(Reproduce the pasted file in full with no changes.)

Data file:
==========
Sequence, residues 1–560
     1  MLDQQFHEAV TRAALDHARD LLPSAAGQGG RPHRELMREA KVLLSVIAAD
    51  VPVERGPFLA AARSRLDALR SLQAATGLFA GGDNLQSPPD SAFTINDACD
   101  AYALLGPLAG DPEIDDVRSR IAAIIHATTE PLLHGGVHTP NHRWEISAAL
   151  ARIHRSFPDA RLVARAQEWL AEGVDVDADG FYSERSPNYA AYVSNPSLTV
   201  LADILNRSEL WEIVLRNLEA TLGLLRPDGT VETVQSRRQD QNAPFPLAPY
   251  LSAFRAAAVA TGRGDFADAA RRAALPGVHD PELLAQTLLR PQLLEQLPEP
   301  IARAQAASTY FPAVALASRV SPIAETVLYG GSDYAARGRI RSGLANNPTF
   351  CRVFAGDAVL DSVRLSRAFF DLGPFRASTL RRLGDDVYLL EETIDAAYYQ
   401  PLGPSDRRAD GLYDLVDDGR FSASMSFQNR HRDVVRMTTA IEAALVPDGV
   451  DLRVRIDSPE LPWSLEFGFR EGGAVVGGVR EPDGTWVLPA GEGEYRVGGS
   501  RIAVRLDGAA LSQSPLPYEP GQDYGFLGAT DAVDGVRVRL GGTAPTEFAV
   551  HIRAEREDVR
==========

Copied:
Sequence, residues 1–560
     1  MLDQQFHEAV TRAALDHARD LLPSAAGQGG RPHRELMREA KVLLSVIAAD
    51  VPVERGPFLA AARSRLDALR SLQAATGLFA GGDNLQSPPD SAFTINDACD
   101  AYALLGPLAG DPEIDDVRSR IAAIIHATTE PLLHGGVHTP NHRWEISAAL
   151  ARIHRSFPDA RLVARAQEWL AEGVDVDADG FYSERSPNYA AYVSNPSLTV
   201  LADILNRSEL WEIVLRNLEA TLGLLRPDGT VETVQSRRQD QNAPFPLAPY
   251  LSAFRAAAVA TGRGDFADAA RRAALPGVHD PELLAQTLLR PQLLEQLPEP
   301  IARAQAASTY FPAVALASRV SPIAETVLYG GSDYAARGRI RSGLANNPTF
   351  CRVFAGDAVL DSVRLSRAFF DLGPFRASTL RRLGDDVYLL EETIDAAYYQ
   401  PLGPSDRRAD GLYDLVDDGR FSASMSFQNR HRDVVRMTTA IEAALVPDGV
   451  DLRVRIDSPE LPWSLEFGFR EGGAVVGGVR EPDGTWVLPA GEGEYRVGGS
   501  RIAVRLDGAA LSQSPLPYEP GQDYGFLGAT DAVDGVRVRL GGTAPTEFAV
   551  HIRAEREDVR